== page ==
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Nice guys finish last? I don’t think so!

At least not according to data compiled by AYTM Market Research.  According to a recent article by eMarketer, AYTM’s report shows that over 52% of internet users prefer small businesses to large companies because of “Personal Service”.  Additional surveys by Web.com and Toluna done last August found that the top three most important factors consumers consider when choosing small businesses are: 1) customer service, customer-focused (86%), 2) personal, intimate, human, face-to-face (84%), and 3) knows customers and their needs (84%).   Not surprisingly, 84% of US consumers associate customer service and customer-focus with small businesses.  The eMarketer article also notes that “61.2% of respondents [to the AYTM study] said they would pay higher prices to support small businesses.”

All of those numbers can make a great case for small business, but that is a post for another time.  My take away is this: large business or small, people value superior customer service.  Human beings expect to be treated like human beings, and if you can give them personal and personalized service, they are willing to pay for it.  Give your customers a remarkable experience and they will remark about it…to their family, their friends, their acquaintances, even perfect strangers! Give them a reason to come back and they might just bring the neighborhood with them.

So consider this: if you were receiving the kind of customer service you currently provide to your customers, would you continue doing business with your company?  Would you tell your friends? If you don’t immediately think “Yes!” then something needs to change.  Nice guys finish last?  Not in this connected economy!

Touch All the Lines

Since we’re talking about March Madness this month, I decided to use a little basketball phrase for my blog this month: Touch All the Lines.

For anyone who has played basketball or taken your child to endless basketball practices, this is probably a familiar term and one you might dread. It may conjure up memories of boredom or exhaustion or even bored exhaustion. For those not familiar with basketball, it may seem like an innocuous phrase.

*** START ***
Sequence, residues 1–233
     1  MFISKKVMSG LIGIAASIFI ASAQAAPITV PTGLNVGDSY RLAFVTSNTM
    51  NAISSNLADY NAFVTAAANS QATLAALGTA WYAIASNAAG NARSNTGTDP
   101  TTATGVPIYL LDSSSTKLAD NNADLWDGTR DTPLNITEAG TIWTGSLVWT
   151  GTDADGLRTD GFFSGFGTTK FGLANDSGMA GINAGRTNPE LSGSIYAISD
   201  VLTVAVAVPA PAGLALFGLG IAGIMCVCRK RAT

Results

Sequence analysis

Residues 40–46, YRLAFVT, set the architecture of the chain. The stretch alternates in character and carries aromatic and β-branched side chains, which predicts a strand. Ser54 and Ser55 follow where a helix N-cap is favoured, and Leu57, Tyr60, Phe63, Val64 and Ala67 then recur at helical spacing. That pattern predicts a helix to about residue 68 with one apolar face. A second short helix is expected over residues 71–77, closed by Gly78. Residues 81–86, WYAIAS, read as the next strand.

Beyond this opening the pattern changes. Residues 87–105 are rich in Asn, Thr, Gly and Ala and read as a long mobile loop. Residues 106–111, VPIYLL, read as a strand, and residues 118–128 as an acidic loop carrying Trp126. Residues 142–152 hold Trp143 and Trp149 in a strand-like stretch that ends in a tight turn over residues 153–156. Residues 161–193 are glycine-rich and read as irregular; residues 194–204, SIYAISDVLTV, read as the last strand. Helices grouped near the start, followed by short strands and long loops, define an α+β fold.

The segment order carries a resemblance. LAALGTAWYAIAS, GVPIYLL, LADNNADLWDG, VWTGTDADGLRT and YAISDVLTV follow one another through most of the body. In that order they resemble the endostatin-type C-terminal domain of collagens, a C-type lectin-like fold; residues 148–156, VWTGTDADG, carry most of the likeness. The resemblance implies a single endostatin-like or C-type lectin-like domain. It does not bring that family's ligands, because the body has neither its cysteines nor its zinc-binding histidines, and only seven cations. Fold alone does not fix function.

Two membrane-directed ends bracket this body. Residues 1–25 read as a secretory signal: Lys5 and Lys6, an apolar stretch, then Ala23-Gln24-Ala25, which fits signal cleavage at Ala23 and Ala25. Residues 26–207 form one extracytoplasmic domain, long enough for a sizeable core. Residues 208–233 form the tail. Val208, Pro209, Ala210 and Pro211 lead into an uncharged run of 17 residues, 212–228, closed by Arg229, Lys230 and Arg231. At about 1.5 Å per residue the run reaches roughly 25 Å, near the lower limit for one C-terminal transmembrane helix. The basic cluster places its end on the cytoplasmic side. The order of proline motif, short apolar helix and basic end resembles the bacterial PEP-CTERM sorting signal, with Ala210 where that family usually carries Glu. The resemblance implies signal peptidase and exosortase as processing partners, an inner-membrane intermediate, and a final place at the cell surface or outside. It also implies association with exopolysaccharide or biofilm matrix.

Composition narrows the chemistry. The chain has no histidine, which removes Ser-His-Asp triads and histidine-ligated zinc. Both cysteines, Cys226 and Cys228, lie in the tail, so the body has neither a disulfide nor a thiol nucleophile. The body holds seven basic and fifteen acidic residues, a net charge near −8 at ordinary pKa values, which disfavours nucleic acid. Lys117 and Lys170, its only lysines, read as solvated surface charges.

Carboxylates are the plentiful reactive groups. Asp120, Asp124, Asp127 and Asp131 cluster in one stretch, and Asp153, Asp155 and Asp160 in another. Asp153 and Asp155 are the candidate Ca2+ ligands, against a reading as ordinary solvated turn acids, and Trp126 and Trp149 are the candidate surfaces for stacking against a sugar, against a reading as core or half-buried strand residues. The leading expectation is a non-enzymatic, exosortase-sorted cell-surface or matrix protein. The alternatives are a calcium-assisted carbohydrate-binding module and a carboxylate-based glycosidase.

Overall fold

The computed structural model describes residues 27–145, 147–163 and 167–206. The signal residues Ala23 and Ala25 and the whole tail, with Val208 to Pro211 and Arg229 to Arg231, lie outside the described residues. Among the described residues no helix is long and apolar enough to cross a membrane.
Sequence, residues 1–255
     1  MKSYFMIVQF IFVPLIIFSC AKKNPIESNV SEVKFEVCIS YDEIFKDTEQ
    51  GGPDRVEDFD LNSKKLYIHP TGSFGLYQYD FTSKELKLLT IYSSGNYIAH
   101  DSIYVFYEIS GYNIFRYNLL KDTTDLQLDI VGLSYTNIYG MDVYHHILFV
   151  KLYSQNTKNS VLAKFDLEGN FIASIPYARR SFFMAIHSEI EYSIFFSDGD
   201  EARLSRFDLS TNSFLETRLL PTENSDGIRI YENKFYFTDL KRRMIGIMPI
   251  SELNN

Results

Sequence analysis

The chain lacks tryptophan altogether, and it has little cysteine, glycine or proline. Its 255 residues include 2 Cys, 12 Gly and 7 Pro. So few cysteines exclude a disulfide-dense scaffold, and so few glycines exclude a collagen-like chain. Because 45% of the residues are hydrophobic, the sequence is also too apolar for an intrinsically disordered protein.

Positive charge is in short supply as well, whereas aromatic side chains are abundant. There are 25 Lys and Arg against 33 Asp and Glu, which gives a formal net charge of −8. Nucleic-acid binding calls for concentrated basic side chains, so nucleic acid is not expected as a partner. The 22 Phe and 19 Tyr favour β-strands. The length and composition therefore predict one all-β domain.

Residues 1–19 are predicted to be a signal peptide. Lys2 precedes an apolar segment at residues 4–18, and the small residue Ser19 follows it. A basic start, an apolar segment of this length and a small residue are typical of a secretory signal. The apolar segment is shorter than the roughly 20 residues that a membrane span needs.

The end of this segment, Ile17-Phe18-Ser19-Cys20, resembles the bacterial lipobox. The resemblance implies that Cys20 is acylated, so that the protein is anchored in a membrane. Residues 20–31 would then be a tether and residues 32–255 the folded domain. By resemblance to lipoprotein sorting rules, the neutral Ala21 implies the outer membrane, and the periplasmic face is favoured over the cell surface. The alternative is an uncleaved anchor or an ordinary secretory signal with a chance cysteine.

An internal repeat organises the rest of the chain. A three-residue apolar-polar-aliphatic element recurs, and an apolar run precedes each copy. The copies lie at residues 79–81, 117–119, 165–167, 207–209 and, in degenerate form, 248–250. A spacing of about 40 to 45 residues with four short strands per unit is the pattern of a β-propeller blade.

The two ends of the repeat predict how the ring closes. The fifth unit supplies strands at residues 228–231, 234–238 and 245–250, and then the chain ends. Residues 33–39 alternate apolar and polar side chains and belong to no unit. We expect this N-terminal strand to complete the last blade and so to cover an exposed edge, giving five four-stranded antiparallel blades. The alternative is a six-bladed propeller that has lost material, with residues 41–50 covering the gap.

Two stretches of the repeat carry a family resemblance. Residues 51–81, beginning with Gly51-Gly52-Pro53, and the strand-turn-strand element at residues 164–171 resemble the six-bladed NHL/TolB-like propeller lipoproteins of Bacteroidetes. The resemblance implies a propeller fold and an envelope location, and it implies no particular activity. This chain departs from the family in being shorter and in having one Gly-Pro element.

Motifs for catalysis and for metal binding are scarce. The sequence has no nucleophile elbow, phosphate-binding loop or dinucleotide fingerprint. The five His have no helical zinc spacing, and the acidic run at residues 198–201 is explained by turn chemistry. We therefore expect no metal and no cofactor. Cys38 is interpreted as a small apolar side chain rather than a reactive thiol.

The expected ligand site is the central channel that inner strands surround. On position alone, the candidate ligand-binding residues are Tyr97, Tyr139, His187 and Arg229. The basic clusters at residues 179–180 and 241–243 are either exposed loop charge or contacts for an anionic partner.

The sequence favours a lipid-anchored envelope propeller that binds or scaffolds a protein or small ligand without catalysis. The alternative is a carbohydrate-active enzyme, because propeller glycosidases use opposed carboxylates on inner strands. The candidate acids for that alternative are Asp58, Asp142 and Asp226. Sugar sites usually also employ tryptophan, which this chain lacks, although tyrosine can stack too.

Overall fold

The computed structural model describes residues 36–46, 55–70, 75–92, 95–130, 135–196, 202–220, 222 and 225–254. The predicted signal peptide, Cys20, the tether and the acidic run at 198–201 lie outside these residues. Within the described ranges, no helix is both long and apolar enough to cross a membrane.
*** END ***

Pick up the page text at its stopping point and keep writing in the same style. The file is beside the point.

So what does it mean to ‘Touch All the Lines’? In basketball they run practice drills, often called ladders, where a player starts at the baseline (the out of bounds line behind the basket) and then runs out to the free throw line, then runs back to the baseline, then turns around and runs to the half court line and back to the baseline, then to the other side’s free throw line and back to the baseline, and then all the way to the other baseline and back again. Each line (baseline, free throw line, half court line) must be touched with the player’s hand when she reaches it. It may seem like a pointless drill and one that’s easy to cheat on a little, but like most things in life, those seemingly pointless drills have a way of shaping us or preparing us.

Basically, touching all the lines means hard work. To basketball players, those drills prepare and condition them to be able to run full court at full steam for the entire game if needs be. Yes, it’s hard and for some there is a temptation to skimp a little on each line. Do you think the players that consistently skimp on the lines go unnoticed by the coaches? I guarantee they don’t. 

You may not have a coach per se watching to make sure you go to the line every time, but believe me people are watching, whether it’s your boss, coworkers, customers, employees, etc…  People that touch lines generally get more playing time, if you get my drift. Yep, it’s hard and it may seem pointless, but in the end, it will pay-off. If nothing else, you’ll at least have self-respect, which is just as important, if not more so.

And like my Mother always said, “Hard work never killed anyone.”

What are the odds? Marketing musings on March Madness

So you didn’t win $1 billion dollars either?  Given the odds, that’s nothing to feel bad about.  Nobody won.  In fact, no one in recorded history has ever picked a perfect bracket.  It’s almost impossible just to pick a perfect first round!  Out of tens of millions of brackets, I am aware of only 1 individual this year that did that, but his bracket was busted just 4 games later leaving him 27 games short of the once-again-unattainable 63-0 bracket perfection.

As a marketer, I am impressed  each year with the amount of attention the NCAA Men’s Basketball Tournament receives regardless of any paid advertising.  If you didn’t fill out a bracket, you likely know someone that did.  It’s not just for die-hards or even everyday fans anymore – it’s fun for everyone, like my 12- and 10-year-old sons, who despite terrible odds, picked their favorite team to go to the finals and win (and yes, both of their brackets were busted in the first round). People that otherwise could not care less and fans alike obsess over making their picks and trying to win it all in their company pool or among their peers.  Filling out brackets seems to have consistently grown in popularity, but in so doing it has also become commonplace.  You can submit brackets at work, at church, at countless sports related websites, and a thousand other places.